Standard & Poor’s Ratings Services affirmed its long- and short-term foreign and local currency sovereign credit ratings on the State of Qatar at ‘AA/A-1+’ on 11 October 2013. The outlook is stable.
The agency also affirmed other ratings in line with the rating on Qatar. These include the ‘AA’ long-term senior unsecured debt rating on the bonds issued by Qatari Diar Finance Q.S.C and SoQ Sukuk A Q.S.C.
The ratings on Qatar reflect S&P’s view of its high economic wealth and strong fiscal and external balance sheets. The ratings are constrained by limited monetary policy flexibility, still-nascent public institutions, and limited disclosure, particularly with respect to government assets and investment income.
The succession from Sheikh Hamad bin Khalifa al-Thani to his son, the new emir, Sheikh Tamim bin Hamad bin Khalifa al-Thani, has proceeded smoothly. Executive power remains concentrated in the hands of the emir.
S&P said, “Qatar is one of the wealthiest economies we rate, with GDP per capita estimated at $94,000 in 2013. We estimate ‘trend’ growth, which we define in our criteria as a weighted 10-year average of real GDP per capita growth, at around -0.3%. Real GDP has contracted on a per capita basis in several of the past five years, but nominal GDP has expanded by 20% on average and may be a better indicator of prosperity in a resource-based economy. We project population growth to average around 6% per year until 2016.
“In our view, Qatar’s high wealth levels mean that its relatively weak economic growth performance is not an immediate concern for the ratings. However, over the medium term, Qatar’s economic risk position could deteriorate relative to faster-growing economies.
“Our forecasts are affected by our expectations regarding oil and gas exports, which accounted for about 90% of Qatar’s total exports in 2012. Our base-case scenario assumes that oil prices will remain high over the medium term at about $110 per barrel. We assume that oil production will decline as output from maturing fields contracts. We expect an average annual decline in crude oil production of 6% over 2013-2016. Gas output (liquefied natural gas and natural gas) and condensates are projected to grow by 3% and 2%, respectively, over the same period.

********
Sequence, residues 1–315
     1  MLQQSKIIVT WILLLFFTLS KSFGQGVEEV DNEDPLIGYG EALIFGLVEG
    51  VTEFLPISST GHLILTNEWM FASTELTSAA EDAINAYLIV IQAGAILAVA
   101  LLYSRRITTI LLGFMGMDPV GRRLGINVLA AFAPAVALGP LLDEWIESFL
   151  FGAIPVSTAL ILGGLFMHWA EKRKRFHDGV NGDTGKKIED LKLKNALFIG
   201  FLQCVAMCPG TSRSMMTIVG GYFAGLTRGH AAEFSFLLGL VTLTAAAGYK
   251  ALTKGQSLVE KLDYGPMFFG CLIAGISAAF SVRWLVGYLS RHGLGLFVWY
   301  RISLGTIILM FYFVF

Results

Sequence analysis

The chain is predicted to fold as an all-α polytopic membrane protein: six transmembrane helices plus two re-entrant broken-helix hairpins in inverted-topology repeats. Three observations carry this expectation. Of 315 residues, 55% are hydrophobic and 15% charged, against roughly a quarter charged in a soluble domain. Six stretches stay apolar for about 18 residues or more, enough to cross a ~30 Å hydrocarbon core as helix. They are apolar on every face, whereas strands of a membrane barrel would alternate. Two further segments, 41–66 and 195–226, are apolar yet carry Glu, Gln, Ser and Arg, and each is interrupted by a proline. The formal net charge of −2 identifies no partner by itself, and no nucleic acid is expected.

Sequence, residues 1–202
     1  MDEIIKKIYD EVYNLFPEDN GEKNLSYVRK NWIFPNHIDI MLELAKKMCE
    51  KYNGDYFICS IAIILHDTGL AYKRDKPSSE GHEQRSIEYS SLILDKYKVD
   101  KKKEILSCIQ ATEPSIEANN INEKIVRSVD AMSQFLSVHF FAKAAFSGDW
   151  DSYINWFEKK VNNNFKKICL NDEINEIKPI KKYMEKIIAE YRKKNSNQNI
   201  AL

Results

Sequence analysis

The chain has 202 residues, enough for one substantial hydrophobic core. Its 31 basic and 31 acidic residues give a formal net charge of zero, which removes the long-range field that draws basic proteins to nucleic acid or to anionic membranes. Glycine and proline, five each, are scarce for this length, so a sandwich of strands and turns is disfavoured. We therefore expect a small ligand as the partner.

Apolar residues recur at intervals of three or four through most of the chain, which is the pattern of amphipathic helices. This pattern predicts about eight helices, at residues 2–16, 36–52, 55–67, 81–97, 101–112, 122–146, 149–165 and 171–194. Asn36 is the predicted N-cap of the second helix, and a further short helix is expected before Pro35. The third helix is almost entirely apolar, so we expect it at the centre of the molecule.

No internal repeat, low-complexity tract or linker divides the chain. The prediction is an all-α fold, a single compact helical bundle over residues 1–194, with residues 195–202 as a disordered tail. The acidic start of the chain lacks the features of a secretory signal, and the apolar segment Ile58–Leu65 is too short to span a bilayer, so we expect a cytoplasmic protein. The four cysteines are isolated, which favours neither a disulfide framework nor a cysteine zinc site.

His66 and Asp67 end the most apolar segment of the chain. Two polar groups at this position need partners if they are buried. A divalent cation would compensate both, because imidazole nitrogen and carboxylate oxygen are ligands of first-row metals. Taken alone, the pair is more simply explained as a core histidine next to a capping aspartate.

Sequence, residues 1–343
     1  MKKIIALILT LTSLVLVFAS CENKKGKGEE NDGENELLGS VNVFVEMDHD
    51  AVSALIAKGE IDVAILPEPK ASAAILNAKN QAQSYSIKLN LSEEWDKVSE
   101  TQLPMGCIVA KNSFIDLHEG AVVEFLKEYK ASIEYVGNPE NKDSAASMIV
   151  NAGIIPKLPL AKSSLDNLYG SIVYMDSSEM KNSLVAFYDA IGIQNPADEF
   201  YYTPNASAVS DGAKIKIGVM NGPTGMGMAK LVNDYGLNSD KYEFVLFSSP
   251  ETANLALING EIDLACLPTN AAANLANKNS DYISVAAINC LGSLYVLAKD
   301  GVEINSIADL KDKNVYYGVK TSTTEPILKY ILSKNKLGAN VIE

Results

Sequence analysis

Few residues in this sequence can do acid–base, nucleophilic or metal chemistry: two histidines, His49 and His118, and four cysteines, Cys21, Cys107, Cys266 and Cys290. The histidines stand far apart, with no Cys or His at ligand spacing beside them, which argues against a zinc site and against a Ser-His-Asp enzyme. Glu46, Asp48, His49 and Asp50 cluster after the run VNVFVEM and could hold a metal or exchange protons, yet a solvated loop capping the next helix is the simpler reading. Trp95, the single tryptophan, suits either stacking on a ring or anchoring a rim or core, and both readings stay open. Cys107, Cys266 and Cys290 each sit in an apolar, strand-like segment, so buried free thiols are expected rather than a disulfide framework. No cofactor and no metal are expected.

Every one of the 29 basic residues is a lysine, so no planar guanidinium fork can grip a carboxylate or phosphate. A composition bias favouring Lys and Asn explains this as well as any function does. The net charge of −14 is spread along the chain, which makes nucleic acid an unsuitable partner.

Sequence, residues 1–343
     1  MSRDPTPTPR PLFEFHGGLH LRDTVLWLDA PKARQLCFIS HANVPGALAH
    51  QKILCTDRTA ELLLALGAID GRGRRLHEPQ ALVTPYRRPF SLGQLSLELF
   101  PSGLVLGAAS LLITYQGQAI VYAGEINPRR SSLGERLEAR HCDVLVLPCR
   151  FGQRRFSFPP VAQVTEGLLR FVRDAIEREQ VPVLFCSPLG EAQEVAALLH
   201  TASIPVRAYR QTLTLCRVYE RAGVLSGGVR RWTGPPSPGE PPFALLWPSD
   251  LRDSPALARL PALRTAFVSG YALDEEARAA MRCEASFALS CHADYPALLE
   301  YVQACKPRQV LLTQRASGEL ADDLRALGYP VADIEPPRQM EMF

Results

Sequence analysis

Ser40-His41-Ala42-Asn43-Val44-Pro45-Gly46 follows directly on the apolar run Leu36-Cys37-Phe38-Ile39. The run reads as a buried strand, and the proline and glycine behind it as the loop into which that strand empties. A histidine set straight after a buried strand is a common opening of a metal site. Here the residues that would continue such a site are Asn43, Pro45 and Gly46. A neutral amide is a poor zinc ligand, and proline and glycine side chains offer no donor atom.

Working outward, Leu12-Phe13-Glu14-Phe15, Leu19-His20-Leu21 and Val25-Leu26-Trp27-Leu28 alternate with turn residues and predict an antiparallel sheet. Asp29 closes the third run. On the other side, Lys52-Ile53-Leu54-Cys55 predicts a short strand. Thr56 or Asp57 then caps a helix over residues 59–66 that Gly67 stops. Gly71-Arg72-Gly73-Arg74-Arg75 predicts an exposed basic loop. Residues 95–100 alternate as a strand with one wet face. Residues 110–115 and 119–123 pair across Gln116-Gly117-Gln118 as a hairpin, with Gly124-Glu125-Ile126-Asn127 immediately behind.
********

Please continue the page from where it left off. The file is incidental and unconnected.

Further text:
“Given our oil and gas production assumptions, we expect general government revenues to decline below 30% by 2016; revenues stood at 41% of GDP in 2012. To maintain a fiscal surplus, we expect the pace of government expenditure to slow to an average of 9% for 2013-2016. By contrast, during the five years to 2012, government expenditure grew by an average of 14% a year.
“The government’s 2011-2016 national development strategy envisages gross investment of about 25% of GDP over the period, of which the government is likely to take the lion’s share. As a result, slowing the growth in expenditure could prove challenging to achieve. The government’s capital expenditure was below the targeted 9% of GDP in the fiscal year ending March 2013, at 6% of GDP, but is budgeted to increase sharply to 10% of GDP in the current fiscal year. Including our estimate of investment returns at the Qatar Investment Authority, we expect Qatar to post general government surpluses averaging 8% of GDP over the period to 2016.
“Alongside government investments funded through the budget, public enterprise and private sector spending on the national development strategy is likely to be funded by borrowing from financial institutions. This may cause banks’ net external liability positions to widen, and their loan-to-deposit ratios to increase. That said, in the first half of 2013, increased public sector deposits on banks’ balance sheets have lowered banks’ reliance on external funding.